Studying anything, whether it is a book or a lecture note is tough, energy consuming, and, sometimes for a lot of us, it is boring. But we need to study to succeed in our academic careers. What if there is a way to study smart, not hard? Well, there is; this article provides you with four tips for smart study.
1. Examine the topics in your study material
The first step process for smart study begins with examining the topics of your reading materials. By examining the topics in your reading materials, I mean you read, scrutinize, and analyze them. The aim is to have a feel of the general theme of your study material. And that’s a good starter guide for your study session.
2. Summarize the core ideas in each topic
Now that you’ve analyzed the theme and direction of your book or any other material of your study in the table of content or course outline section, the next big step you need to take is to summarize each section.
Read each section. Understand its main argument. And summarize the main points of the arguments of each topic.
I suggest you summarize the main points by writing them down on paper. It’s more effective than copy-pasting them in Word using your Smartphone or computer, for example. When you summarize the main points of each topic, you’re limiting the amount of information you’ll digest, which will help you stay focus on the most important points of your study material.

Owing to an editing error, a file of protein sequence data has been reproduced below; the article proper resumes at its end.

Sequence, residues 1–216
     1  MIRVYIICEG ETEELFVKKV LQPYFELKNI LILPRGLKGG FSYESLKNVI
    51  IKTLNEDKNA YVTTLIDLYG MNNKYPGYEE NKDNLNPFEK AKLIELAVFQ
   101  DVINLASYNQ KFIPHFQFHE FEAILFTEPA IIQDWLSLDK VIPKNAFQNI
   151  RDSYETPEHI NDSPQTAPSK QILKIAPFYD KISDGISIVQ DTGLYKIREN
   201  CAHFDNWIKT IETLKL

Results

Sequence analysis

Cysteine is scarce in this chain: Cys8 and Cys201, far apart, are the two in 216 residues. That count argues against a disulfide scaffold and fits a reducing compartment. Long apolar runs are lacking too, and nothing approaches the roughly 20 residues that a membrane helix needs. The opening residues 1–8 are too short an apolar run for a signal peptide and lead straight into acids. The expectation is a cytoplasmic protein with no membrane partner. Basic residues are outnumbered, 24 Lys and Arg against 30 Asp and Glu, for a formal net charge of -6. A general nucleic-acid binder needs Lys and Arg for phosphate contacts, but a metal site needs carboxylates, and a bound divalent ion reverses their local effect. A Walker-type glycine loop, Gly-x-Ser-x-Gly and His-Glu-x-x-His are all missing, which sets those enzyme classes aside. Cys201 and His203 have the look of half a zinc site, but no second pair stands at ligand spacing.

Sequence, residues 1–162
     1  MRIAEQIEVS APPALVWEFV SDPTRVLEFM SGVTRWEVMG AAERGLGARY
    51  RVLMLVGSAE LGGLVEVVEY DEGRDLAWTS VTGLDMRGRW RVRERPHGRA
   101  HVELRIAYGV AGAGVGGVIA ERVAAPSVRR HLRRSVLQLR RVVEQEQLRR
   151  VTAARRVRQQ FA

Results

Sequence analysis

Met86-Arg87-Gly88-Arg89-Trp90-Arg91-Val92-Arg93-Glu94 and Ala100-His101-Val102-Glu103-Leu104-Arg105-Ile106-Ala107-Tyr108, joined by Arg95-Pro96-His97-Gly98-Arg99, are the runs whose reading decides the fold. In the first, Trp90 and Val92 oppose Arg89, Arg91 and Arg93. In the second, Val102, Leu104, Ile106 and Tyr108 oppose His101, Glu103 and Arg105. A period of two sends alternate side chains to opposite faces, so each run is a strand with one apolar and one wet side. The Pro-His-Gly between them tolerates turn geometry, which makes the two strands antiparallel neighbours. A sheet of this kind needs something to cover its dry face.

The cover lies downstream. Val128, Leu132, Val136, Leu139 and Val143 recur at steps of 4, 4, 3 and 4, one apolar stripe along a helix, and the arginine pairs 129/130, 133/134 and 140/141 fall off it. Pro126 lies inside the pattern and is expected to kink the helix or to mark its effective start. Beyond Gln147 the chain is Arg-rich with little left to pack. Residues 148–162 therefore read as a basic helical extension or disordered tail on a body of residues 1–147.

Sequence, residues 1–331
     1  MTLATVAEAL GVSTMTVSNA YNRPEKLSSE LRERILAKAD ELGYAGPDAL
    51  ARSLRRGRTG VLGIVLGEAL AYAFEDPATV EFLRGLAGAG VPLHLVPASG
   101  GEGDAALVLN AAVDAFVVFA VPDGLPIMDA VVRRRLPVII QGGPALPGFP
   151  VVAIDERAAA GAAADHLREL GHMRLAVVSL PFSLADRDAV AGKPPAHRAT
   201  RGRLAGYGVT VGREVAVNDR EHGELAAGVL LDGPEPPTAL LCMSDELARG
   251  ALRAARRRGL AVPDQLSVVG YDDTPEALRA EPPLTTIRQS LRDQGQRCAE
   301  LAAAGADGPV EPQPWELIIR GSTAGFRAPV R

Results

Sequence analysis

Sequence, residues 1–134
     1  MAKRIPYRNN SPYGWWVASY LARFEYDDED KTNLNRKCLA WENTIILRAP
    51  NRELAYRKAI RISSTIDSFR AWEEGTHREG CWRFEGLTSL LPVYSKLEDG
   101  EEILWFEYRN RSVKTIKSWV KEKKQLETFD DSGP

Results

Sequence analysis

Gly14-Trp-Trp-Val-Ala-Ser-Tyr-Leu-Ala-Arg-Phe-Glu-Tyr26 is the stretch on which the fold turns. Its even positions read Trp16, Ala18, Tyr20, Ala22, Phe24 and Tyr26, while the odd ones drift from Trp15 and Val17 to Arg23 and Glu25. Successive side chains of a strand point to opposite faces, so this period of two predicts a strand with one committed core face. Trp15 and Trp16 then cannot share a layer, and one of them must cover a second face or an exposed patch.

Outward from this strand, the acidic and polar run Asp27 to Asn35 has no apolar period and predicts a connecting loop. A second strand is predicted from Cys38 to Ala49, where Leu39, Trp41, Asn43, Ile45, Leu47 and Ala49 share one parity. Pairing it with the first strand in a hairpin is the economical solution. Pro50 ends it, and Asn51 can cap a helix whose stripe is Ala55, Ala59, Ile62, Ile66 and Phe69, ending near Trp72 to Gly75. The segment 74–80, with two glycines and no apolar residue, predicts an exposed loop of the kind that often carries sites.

3. Read to understand. Don’t cram
Many students have the habit of trying to cram the entire text of their study material. Well, this process is not just difficult, time-consuming, and laborious; it is ineffective as well. It is difficult to retain the information you have crammed, and that is dangerous for your study.
To study smarter, you need to understand your material, not cram them. This is easier to retain and use them not just to perfectly answer your exam questions, but to also apply them in your real-life situations.
4. Relate what you have learned with real-life situations
The smart study is all about applying your knowledge in real-life. When you relate what you have learned during your study session, you increase your retention rate by 70 percent. So, how do you do that? Here is an example:
Suppose you’re studying a course on animal kingdoms. The course content discusses all the dangers in the wild and the heroism of lions in the jungle. You can relate this with human beings in the real world.
Try to make an analogy of smart entrepreneurs as the Lions in the worldly jungle. Compare how their talents, confidence, and hard work is contrasted with other preys in their world, see how the powerful entrepreneurs dominate their industry with their creativity, and, like lions, keep intimidating the unproductive people in the society.
This analogy can stay in your brain for a long period of time and can help you remember your animal kingdom content when you’re asking about it in the exams.